Paul: OH GOD WHERE’S THE SPRAY QUICK OPEN A WINDO-
Quinns: It’s fiiiine Paul! This is something we can safely let into our homes to flit happily about, to land on our tables or to watch us from the shelves with its compound eyes. Santa Maria is quite harmless!
Paul: Harmless and… perhaps toothless?
Popping open the almost cartoonishly cute box, which appears to depict Santa Claus as armoured as he is jolly, we’ve got dice! We’ve got charming wooden tokens! We’ve got wonky jungle tiles! We’ve got… is this the terrifying face of an inflated baby, about to burst?!
But what will Matt and Quinns make of it? For one thing, this wouldn't be the first time that Lord of the Rings was accused of being too long.
Click play, and let their opinions seep into your very bones.
But is this true? Six year later, I'm pretty sure that sometimes a good game is one where you roll dice and then nice stuff happens, or perhaps you own a spaceship(!).
Well HOLD ONTO YOUR PANTS, because in the newly-released Space Base all of these things are true. Each player starts with 12 ships that are straining at their docking clamps like greyhounds before a race, and you’re going to be shrewdly dispatching them across the galaxy for profit and points.
What you’re really doing, though, is designing a slot machine. Won't you listen to me squawk about Space Base? I really like this game.
Matt: Quinns this is a family show.
Quinns: It sure is, Matthew, and so is Crystal Clans! This box is a bat-signal that immediately summoned my childhood fascination with not just “fantasy” but the fantastical.
Contained within this game's deliciously diverse clans are knights that ride bees into battle, necromancers who pursue a romantic Dia de los Muertos aesthetic, time-travelling twins and one massive crocodile. This feels like a world for everybody, and the manual doubles-down on that by using the feminine “She” to refer to the player.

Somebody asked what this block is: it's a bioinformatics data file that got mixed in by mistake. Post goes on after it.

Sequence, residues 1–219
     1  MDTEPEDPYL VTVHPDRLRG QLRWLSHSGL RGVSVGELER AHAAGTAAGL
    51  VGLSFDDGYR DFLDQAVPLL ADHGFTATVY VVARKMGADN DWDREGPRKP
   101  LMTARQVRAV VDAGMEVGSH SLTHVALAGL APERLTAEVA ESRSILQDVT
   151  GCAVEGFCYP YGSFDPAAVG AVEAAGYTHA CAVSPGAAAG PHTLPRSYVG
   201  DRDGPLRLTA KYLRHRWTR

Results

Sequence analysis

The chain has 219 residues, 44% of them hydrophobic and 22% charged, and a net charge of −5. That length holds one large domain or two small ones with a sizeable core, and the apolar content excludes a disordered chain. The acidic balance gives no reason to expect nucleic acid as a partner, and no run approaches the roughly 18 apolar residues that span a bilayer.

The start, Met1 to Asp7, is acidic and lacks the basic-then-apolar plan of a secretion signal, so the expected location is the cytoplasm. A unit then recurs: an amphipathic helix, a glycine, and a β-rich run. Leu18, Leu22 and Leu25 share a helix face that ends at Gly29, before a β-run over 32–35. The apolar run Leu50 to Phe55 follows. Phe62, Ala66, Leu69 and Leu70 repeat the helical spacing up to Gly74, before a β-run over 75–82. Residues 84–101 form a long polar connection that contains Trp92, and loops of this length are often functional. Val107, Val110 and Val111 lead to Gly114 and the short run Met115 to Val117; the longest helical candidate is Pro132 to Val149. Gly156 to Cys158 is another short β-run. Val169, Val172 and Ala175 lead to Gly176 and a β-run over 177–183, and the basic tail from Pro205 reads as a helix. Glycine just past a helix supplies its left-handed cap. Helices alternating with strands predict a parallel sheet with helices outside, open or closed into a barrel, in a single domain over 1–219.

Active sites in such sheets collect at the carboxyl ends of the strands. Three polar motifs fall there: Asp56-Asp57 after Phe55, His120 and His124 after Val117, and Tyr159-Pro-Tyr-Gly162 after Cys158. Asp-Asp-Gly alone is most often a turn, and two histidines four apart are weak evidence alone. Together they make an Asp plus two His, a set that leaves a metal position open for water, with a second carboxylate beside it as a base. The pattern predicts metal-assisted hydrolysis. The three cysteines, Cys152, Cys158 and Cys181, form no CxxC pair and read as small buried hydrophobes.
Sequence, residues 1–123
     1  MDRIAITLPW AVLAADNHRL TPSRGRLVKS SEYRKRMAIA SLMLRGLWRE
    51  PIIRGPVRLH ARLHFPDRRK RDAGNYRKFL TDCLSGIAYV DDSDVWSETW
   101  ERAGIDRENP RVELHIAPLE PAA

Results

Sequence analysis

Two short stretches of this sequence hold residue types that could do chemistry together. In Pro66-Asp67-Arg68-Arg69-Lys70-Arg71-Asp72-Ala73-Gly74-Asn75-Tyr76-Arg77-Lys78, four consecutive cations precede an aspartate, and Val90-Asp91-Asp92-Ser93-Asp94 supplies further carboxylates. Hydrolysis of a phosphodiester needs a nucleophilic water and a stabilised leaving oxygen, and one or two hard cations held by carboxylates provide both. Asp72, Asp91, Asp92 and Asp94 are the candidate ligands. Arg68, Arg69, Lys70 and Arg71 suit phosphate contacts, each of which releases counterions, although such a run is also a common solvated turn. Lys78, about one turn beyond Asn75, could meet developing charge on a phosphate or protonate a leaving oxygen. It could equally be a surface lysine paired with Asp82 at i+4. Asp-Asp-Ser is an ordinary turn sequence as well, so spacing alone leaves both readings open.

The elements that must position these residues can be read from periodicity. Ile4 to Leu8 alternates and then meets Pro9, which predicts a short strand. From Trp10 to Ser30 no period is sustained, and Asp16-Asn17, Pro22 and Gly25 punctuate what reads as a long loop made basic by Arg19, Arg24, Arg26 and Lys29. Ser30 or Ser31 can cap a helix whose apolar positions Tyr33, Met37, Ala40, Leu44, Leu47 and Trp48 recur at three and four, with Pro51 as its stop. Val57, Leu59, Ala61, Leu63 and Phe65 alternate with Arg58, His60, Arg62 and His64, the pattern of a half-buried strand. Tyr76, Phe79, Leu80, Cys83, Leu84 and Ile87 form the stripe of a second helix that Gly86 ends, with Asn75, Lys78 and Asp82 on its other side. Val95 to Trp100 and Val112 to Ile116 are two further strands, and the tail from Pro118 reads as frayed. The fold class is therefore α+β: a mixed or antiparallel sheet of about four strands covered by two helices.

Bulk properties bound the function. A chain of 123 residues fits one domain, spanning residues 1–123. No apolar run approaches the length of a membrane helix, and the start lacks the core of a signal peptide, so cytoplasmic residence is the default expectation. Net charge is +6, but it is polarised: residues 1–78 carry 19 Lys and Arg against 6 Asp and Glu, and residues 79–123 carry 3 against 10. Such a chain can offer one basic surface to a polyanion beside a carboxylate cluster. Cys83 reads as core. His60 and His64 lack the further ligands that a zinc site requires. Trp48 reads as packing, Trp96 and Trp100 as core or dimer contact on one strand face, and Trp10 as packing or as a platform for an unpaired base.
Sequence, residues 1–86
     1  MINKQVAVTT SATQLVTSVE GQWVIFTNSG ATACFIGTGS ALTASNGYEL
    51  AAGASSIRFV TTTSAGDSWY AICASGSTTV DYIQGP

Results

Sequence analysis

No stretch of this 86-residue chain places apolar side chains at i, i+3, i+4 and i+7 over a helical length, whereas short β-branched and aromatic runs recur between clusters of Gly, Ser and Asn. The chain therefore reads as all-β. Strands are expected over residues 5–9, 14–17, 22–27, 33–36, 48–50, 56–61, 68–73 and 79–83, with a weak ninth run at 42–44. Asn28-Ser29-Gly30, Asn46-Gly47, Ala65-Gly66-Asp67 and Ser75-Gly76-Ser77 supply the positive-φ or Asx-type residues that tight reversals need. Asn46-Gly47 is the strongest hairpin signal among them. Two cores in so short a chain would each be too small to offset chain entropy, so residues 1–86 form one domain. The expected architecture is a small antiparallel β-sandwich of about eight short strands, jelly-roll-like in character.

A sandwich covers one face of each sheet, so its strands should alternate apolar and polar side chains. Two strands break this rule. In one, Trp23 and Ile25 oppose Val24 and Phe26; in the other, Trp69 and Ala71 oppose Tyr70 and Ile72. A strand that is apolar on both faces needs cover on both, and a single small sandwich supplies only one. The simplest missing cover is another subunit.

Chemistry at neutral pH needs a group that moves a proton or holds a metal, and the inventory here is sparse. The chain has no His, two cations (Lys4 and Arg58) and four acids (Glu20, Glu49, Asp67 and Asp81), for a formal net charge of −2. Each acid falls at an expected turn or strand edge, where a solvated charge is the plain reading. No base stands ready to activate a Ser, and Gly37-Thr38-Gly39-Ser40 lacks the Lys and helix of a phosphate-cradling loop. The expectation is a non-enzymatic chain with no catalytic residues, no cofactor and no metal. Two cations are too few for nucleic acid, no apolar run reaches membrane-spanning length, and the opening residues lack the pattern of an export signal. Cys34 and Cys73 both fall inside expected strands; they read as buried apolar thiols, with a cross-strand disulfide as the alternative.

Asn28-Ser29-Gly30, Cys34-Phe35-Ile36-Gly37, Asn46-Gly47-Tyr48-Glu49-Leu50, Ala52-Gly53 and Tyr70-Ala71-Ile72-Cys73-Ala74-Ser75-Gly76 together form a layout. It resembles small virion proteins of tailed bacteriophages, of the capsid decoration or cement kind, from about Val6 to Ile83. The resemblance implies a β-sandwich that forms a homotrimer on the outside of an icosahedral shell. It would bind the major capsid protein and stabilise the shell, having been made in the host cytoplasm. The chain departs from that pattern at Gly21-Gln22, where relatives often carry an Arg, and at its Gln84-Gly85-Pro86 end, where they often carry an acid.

Everything in Crystal Clans has a touch of the revolutionary about it, and that extends to the actual game. This is like no other box we’ve ever reviewed.
Don't let this game be "The one that got away," everybody. Take a look at our definitive review, and see if it's for you.
That’s a pretty momentous statement, right? Well, now we’re going to lose all of that momentum as I plunge this review-car up to its axles in mud, because Fox in the Forest is a trick-taking game.
The board gaming scene has a habit of not explaining what “trick-taking” is, probably because it’s a huge pain in the ass to teach. But we’re going to do it, here and now, in SU&SD’s famous spirit of accessibility. We can through this mud together, reader! You get in the driver’s seat, I’ll get out and push. Just stick with me! Now, feather the accelerator! The ACCELERATOR! That’s what we call the gas pedal in England do it oh god the mud is in my shoes
Gosh, we've had a lot of fun recently returning to older games. They're all so good! What are some of the games in your collection that you feel have stood the test of time, readers?
Eric: A few years ago I had the chance to revisit the grade school I attended as a child. It was a jarring afternoon. The huge hallways were suddenly kind of small. I could see over the bookshelves in the library where I used to get lost. The teachers... several of them were younger than me. I walked in the door feeling nostalgic; I left a bit unsettled.
I found myself remembering that visit as I got ready to open Games Workshop's new remake of Necromunda. A skirmish game set in the collapsing underbellies of hive cities in the Warhammer 40,000 universe, the original Necromunda one-upped the grim darkness of the 41st millenia by adding gangs, drugs, slavery, abject poverty and child soldiers. To a 15-year-old me, it was a thing of glorious joy. Yet I wondered, would this turn out to be just another narrow-halled school with five-foot bookshelves?
It will be enjoying a global retail release just next month, but should you buy it?
Let's take a look.